So, you may end up in court, where you must be prepared to defend your copyright "ownership." It starts with the dates upon which each of the copyrights was secured and the dates upon which the claimants claim to have completed their works. After that, copyright lawsuits are largely dependent upon musicologists, who normally possess a music doctoral degree and are considered expert witnesses. They compare the two works and opine to the court as to their similarity or dissimilarity.
4. Copyright Claimants vs. “Owners”
When you register your copyright through the eCO system, you’ll notice that one of the first screens you will complete is the identification of the author(s) of the work. The very next screen after that is for the identification of the claimant(s). Please note the designation of “claimant(s),” not “owner(s).” That’s because, as pointed out in the last section of this article, copyright ownership is not absolute.
When you register your song or recording for copyright protection, the registration establishes a claim of ownership. Hence, the term “claimant.” The author is the person(s) who composed the song or produced the recording. The claimant is the person(s) or entity that claim ownership of it.
A third designation on the copyright registration is “owner of exclusive rights.” That designation is for individuals and entities that acquire a copyrighted song or recording though contractual means or via sale of the copyright. I mention this because it is important that you properly designate your relationship to the copyrighted work. Do not choose owner of exclusive rights when you should actually be the claimant.
5. Names, Logos and Song Titles are not Copyrightable
If you want the exclusive use of your band name, do not attempt to copyright it. Names are not copyrightable. Names must be trademarked, and that’s a subject for another blog post. For now, you’ve got two options for trademarking: 1) Navigate the USPTO website and application and navigate the process yourself (not recommended), or 2) Hire a competent trademark attorney to assist you with the application (highly recommended).
Likewise, song titles are also not copyrightable. And, they’re hard to trademark. The reason is pretty simple: there are only 26 letters in the English alphabet and only so many ways that even the most creative songwriter can arrange them. As a result, numerous songs whose genres, tempos, melodies and harmonic structure vary wildly from one another end up sharing one most basic element in common: their title.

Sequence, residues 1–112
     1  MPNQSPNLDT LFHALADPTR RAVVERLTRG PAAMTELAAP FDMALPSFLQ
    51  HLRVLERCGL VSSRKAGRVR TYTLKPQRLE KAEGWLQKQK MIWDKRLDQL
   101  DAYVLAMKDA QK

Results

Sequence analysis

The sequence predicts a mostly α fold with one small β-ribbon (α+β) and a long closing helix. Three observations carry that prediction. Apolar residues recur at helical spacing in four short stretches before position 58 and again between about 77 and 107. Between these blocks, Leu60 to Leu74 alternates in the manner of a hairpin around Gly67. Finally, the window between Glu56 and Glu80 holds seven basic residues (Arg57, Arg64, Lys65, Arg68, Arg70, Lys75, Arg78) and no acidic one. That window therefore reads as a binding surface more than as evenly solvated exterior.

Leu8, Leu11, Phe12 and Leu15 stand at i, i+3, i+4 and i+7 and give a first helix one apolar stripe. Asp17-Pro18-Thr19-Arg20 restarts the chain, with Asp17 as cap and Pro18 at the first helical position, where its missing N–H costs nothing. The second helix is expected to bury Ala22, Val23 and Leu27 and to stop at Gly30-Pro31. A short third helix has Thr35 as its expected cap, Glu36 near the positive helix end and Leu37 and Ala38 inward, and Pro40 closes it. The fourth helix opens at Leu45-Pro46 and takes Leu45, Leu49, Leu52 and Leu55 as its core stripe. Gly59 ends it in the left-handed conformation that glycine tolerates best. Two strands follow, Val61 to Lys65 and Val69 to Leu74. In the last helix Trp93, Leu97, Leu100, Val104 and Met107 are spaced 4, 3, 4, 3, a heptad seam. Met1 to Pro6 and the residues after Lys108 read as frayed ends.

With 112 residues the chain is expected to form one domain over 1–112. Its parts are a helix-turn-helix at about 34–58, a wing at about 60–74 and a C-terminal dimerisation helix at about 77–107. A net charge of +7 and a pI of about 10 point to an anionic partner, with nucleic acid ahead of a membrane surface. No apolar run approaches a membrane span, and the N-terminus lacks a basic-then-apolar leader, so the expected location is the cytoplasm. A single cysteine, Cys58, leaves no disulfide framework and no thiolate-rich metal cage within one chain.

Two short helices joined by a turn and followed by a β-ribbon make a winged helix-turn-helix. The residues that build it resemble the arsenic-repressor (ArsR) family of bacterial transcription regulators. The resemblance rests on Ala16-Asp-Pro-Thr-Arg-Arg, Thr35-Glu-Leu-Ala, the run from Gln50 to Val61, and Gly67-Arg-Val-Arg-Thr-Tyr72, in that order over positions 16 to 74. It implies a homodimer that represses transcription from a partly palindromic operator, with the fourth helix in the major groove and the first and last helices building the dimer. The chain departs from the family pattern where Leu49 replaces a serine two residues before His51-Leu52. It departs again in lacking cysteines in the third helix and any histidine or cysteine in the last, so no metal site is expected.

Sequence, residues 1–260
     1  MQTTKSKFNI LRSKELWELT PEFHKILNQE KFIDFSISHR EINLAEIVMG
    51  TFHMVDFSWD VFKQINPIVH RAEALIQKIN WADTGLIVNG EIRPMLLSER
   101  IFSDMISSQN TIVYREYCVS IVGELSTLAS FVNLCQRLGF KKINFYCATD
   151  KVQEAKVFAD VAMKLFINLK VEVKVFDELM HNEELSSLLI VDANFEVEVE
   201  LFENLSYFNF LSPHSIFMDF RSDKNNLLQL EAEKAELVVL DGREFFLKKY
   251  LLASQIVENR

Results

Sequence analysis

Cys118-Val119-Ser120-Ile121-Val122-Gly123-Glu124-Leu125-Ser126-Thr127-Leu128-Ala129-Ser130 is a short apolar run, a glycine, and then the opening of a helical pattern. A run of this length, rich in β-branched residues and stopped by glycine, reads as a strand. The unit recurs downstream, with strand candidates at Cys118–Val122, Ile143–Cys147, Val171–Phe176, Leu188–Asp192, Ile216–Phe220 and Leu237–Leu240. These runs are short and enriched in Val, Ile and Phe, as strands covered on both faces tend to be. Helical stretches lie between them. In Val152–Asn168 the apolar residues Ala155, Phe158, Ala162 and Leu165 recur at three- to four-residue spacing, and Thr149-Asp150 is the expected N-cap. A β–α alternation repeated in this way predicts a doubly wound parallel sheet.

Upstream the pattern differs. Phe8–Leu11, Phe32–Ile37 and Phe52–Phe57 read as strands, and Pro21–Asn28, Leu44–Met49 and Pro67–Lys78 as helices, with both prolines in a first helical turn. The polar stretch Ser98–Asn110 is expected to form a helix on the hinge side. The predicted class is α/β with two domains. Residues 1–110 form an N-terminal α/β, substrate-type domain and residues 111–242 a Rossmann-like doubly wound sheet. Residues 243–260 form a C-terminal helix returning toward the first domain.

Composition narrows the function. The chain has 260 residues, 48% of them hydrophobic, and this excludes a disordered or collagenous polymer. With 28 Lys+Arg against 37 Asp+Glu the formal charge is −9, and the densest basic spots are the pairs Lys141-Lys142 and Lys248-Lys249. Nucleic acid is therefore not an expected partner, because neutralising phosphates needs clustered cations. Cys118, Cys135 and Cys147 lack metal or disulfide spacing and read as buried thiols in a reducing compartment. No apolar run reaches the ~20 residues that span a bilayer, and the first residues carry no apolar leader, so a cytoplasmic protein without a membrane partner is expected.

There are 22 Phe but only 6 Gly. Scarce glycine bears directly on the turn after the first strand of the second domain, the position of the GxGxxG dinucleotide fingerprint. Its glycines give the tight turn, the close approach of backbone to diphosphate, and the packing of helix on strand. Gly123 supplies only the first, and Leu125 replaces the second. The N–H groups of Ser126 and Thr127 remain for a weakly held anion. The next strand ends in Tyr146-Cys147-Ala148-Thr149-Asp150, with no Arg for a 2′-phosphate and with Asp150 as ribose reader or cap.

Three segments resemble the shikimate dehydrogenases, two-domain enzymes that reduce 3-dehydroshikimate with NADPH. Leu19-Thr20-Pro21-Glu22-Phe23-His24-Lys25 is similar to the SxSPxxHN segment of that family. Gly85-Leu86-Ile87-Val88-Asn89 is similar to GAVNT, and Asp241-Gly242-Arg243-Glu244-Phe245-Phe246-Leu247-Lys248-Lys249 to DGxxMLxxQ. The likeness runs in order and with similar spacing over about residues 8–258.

Sometimes the title is an exact match, like “Jump” (Van Halen) and “Jump” (The Pointer Sisters).
Sometimes the titles are so similar that they’re easily mistaken for each other. For instance, “I Will Always Love You” (written and recorded by Dolly Parton and later recorded by Whitney Houston) and “I’ll Always Love You” (written by Jimmy George and recorded by Taylor Dayne).
What’s not acceptable is when there is duplication of lyrics or melodies to the extent that the two songs sound identical or nearly identical.
This scenario very famously played out a number of years ago when Michael Bolton was sued for infringing upon The Isley Brothers’ classic “Love is a Wonderful Thing.” The Isleys won. If you listen to their “Love is a Wonderful Thing” and Bolton’s song by the same name, they sound eerily similar. In fact, they are so similar that the average listener could easily believe that they are the same song.
Deposits are not to be confused with deposit accounts, which we already covered earlier in this article. Deposits are the copies of the song or recording (.wav or mp3 files) you must upload at the time you register the work for copyright protection.
For songs, the file must clearly showcase the melody and lyrics. The file you send does NOT need to be a fully-produced recording. Piano or guitar and vocals are all you need to illustrate the copyrightable elements of a song.
Sound recordings should be the final mastered version of the track, not a “demo” or basic-tracks sketch. The sound recording copyright protects the recorded arrangement and production of the song, so you should send the final mixed and mastered version of it.
Be sure to keep checking this blog, as we’ll be posting more about copyrights and licensing in future articles.
ChromeOrange Music is a New York-based record label and music publishing company with a catalog of original music for film, television, video games, internet and broadcast advertising, print and other music licensing applications. Our music has been licensed in over two dozen countries and on television networks like National Geographic, CNN and Telemundo. Please visit our Music Catalog page to access clips of music that span a wide range of genres and moods.
For more information about music licensing, call us at (631) 648-7446 or use the form on our Contact page to send us a message.